Reasons we study economics 1. Resources are scarce 1. Land 2. Labor 3. Capital: anything that can be touched (computers, machines, etc.) 2. Human Wants-Unlimited
Efficiency: Getting the most out of your products
Opportunity Cost: of an item is what you give up to get it.
Rational People: systematically and purposefully do the best they can to achieve their objectives, given the available opportunities
Marginal Change: to describe a small incremental adjustment to an existing plan of action. Keep in mind that margin means “edge,” so marginal changes are adjustments around the edges of what you are doing. Rational people often make decisions by comparing marginal benefits and marginal costs .
Incentive: is something that induces a person to act, such as the prospect of a punishment or a reward. Because rational people make decisions by comparing costs and benefits, they respond to incentives.
Market Economy: the decisions of a central planner are replaced by the decisions of millions of firms and households. Firms decide whom to hire and what to make. Households decide which firms to work for and what to buy with their incomes. These firms and households interact in the marketplace, where prices and self-interest guide their decisions.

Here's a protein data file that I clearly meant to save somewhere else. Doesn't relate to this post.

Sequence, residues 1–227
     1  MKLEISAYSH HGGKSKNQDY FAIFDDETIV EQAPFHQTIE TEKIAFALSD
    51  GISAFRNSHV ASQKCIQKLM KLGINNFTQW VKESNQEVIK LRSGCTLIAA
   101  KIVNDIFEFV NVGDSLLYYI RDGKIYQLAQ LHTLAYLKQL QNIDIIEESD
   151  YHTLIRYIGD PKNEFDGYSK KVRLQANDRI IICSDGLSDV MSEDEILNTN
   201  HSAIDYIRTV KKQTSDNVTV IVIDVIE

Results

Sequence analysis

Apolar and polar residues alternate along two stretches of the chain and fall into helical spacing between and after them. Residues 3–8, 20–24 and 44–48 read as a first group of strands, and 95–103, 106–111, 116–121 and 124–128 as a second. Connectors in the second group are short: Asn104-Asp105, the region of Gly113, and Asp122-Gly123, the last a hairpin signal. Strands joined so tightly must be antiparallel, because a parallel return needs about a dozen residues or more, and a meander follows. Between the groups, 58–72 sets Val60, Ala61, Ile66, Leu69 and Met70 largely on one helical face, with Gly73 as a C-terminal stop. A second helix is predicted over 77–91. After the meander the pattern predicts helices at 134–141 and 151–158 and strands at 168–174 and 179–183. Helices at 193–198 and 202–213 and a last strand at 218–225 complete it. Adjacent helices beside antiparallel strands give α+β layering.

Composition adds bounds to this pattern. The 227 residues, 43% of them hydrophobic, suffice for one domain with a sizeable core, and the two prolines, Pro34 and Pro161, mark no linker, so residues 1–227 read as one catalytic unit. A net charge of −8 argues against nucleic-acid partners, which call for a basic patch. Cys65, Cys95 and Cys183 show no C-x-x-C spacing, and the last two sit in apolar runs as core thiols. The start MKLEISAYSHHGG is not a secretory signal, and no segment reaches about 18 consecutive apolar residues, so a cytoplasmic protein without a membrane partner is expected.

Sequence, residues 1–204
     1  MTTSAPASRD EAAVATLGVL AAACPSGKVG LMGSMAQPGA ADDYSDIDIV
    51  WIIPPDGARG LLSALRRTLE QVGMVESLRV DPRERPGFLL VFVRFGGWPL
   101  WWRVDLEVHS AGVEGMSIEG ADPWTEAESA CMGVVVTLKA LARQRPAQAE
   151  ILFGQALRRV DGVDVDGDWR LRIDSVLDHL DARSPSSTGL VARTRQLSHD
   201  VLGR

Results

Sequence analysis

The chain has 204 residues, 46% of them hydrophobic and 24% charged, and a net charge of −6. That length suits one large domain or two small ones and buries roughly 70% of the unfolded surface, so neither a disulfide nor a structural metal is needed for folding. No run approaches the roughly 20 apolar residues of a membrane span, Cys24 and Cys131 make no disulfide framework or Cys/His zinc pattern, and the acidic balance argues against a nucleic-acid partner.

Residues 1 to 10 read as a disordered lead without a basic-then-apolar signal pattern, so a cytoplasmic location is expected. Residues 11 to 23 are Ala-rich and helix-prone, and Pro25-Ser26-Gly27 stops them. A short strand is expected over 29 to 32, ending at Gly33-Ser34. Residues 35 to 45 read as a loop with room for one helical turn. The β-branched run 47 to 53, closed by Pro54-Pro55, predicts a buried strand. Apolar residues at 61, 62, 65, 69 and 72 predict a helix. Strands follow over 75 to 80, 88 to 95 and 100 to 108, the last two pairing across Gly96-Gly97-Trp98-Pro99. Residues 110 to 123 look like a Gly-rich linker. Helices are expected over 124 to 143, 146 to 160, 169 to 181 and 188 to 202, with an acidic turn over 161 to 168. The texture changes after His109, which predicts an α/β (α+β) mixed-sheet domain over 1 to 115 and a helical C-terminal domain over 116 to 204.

Property Rights: the ability of an individual to own and exercise control over scarce resources so individuals can own and control scarce resources. A farmer won't grow food if he expects his crop to be stolen; a restaurant won't serve meals unless it is assured that customers will pay before they leave; and an entertainment company won't produce DVDs if too many potential customers avoid paying by making illegal copies. We all rely on government-provided police and courts to enforce our rights over the things we produce—and the invisible hand counts on our ability to enforce our rights. Government promotes this. 1. It is essential that the government protect private property rights (by providing a strong police force, having a robust court system)
Market Failure: to refer to a situation in which the market on its own fails to produce an efficient allocation of resources.
Externality: one possible cause of market failure is the impact of one person's actions on the well-being of a bystander. The classic example of an externality is pollution.